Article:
Saint Patrick as we all know is our patron saint. It is on the anniversary of his death, 17 March (460AD) that we and many others around the world celebrate (!).

St. Patrick was born in Kilpatrick, Scotland 387 AD. When he was 16 he was kidnapped by Niall of the Nine Hostages and brought to Ireland, which at that time was a land of paganism and druidism. He was sold as a slave to Meliuc, a landowner in Antrim, where he worked as a shepherd in the Slemish Mountain. One night, after being in captivity for many years, he realised it was time to escape. He found refuge and under the guidance of St. Germain, bishop of Auxerre in France, he was ordained a priest and helped him combat heresy and paganism. He became bishop in 432.

He was then set the task of teaching Christianity to the Irish. He arrived in Ireland under the patronage of a landowner named Dichiu. Patrick knew that he would have to gain the support of King Laoghaire, the High King of Tara, in order to establish the freedom he would need to take his message throughout Ireland. On March 25, the traditional start of spring, Patrick built a fire in front of the King's domain, something that was strictly forbidden. On seeing this, King Laoghaire was infuriated. However, the king listened to Patrick's explanation of his plans and although he refused to accept Christianity, he gave Patrick the freedom to preach his message. Gradually the people of Ireland were converted to Christianity. However, he first had to make the people understand the doctrine and used the symbolism of the shamrock. And so this is how the shamrock forever associated with St. Patrick and Ireland.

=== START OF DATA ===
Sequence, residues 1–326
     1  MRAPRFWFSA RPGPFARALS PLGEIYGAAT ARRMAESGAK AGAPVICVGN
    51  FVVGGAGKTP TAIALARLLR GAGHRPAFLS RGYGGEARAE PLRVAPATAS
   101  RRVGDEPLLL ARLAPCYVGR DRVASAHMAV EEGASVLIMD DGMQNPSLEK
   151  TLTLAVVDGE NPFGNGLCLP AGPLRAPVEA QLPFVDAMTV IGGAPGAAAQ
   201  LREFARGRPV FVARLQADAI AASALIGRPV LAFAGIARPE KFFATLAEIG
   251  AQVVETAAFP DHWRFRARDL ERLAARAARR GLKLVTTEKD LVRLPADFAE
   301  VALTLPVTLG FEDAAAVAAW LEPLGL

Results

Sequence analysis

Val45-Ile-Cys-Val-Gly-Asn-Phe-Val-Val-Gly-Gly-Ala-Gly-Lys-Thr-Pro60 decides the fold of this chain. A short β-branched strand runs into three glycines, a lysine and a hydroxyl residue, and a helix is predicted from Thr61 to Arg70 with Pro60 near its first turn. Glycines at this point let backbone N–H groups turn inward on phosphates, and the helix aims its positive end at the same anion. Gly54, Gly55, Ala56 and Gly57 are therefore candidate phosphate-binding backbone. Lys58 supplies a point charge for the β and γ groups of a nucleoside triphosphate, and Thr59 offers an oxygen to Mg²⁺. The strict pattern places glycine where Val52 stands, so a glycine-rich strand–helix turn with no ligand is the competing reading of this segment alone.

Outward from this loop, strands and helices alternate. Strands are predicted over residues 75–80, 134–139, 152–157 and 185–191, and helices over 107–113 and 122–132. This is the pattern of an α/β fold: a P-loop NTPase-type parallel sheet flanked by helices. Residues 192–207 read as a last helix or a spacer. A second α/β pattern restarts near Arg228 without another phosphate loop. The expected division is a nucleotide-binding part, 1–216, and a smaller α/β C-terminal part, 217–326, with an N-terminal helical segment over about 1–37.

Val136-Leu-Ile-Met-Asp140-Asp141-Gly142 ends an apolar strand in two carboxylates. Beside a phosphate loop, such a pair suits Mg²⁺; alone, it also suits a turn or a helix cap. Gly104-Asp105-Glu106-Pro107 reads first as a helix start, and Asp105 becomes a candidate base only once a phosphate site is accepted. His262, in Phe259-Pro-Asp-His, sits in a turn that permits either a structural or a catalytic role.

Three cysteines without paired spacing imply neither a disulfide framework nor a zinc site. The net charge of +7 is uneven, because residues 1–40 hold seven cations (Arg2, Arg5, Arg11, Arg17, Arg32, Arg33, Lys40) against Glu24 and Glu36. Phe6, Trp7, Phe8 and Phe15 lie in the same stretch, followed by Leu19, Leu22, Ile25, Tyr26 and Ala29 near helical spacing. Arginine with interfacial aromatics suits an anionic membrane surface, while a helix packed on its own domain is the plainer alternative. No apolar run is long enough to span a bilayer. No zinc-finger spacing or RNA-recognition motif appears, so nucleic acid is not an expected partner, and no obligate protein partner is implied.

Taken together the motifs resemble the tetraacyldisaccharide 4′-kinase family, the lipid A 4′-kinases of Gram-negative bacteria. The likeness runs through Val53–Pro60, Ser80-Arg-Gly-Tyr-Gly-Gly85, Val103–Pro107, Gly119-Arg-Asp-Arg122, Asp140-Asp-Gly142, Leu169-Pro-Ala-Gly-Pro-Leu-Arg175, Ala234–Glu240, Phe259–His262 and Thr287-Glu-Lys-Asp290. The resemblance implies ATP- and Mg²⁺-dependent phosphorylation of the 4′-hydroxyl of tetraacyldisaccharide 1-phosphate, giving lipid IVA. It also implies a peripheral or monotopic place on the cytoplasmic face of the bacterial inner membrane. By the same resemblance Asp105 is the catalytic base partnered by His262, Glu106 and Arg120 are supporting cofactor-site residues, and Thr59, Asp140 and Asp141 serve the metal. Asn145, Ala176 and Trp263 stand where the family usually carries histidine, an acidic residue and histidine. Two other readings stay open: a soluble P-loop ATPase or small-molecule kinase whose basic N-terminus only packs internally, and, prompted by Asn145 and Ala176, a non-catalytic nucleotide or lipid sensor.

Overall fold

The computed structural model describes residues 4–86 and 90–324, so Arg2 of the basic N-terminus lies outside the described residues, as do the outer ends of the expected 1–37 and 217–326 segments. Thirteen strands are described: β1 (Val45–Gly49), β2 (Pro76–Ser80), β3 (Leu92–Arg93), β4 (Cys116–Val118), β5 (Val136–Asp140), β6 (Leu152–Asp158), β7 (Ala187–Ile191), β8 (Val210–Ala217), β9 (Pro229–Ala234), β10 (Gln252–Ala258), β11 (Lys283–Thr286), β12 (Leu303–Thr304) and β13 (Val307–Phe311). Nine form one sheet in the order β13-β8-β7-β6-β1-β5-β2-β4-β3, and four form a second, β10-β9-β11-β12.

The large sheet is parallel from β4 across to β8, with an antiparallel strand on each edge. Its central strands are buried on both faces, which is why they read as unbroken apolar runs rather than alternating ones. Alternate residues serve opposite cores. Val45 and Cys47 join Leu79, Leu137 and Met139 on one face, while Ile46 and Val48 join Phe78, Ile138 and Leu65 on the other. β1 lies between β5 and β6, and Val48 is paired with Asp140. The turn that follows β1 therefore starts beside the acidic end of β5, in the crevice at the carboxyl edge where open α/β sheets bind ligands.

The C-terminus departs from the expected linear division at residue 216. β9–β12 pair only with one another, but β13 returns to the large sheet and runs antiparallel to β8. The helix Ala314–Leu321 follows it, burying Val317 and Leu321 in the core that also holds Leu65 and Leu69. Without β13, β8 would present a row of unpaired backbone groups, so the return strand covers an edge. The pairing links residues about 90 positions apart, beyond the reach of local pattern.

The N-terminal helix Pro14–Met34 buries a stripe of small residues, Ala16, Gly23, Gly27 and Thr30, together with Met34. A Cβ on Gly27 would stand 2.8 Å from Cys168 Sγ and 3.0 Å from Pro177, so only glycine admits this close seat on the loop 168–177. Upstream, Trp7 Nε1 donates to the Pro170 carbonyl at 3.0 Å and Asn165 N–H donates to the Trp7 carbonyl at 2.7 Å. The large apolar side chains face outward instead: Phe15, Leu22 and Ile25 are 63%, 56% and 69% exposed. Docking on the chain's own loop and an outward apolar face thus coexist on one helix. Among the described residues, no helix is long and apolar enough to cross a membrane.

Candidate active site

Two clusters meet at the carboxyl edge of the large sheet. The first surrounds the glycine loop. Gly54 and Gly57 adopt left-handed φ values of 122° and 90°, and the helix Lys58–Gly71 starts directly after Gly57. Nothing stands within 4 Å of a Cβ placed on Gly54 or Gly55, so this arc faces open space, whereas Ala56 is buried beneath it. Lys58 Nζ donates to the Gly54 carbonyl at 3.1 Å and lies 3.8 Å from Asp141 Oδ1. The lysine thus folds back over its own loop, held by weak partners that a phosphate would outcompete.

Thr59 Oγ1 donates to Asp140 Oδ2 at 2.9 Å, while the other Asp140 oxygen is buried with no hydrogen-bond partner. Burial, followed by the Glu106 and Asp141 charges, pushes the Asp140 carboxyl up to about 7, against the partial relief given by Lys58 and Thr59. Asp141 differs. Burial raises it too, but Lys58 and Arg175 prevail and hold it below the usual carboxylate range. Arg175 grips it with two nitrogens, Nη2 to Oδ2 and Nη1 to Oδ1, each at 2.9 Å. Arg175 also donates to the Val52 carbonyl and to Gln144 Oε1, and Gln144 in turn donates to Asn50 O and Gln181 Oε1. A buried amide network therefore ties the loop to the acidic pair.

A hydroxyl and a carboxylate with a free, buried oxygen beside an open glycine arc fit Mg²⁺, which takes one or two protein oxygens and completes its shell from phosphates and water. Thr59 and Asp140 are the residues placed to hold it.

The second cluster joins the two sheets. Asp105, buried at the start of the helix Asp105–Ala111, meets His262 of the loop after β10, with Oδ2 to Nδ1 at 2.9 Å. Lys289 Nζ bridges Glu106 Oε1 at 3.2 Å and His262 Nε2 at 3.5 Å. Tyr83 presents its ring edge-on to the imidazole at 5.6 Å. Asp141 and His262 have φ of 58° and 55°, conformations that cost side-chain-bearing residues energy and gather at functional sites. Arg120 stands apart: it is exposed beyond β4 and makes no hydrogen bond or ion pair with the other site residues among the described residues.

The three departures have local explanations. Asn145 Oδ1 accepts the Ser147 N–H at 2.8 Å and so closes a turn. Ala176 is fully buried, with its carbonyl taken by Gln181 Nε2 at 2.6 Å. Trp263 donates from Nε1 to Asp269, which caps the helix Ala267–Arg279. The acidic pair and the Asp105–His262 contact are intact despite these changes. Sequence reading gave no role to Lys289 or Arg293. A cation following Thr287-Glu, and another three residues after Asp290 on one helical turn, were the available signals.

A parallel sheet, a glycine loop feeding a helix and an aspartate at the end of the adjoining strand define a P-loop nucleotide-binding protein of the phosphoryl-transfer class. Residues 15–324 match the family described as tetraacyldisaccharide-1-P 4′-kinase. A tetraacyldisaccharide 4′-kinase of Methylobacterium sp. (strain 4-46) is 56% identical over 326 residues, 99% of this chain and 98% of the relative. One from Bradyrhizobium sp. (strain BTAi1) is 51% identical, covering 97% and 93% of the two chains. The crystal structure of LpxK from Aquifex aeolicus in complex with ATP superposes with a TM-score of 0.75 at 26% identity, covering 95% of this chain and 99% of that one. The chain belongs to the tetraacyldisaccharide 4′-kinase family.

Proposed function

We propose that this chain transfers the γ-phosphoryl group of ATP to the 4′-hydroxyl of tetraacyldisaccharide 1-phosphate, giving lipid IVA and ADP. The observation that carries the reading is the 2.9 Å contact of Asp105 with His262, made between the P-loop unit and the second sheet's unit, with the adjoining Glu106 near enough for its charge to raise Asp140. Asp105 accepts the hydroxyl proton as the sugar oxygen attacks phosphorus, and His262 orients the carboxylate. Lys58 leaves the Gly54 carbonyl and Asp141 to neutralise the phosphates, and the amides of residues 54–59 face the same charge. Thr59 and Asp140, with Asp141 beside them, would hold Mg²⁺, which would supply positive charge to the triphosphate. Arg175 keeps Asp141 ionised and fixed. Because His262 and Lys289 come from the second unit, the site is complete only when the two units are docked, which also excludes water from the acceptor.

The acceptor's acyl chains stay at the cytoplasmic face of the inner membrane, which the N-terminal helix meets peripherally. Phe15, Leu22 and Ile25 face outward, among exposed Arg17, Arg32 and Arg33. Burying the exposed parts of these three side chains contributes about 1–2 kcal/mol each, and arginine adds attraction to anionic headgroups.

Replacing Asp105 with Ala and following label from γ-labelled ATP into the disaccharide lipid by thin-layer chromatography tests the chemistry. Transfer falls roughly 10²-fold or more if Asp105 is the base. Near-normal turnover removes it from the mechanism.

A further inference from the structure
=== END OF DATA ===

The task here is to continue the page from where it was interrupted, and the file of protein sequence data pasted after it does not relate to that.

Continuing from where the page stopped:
For many the shamrock is considered a good-luck symbol. Of course St. Patrick is also attributed with having driven the snakes from Ireland. In fact the snakes were the symbol of paganism and that was what he rid of Ireland at that time. Also the expression 'drowning of the shamrock' came about when the shamrock worn on your coat was put in the bottom of a glass and when the glass was empty the soggy shamrock was thrown over the left shoulder for good luck!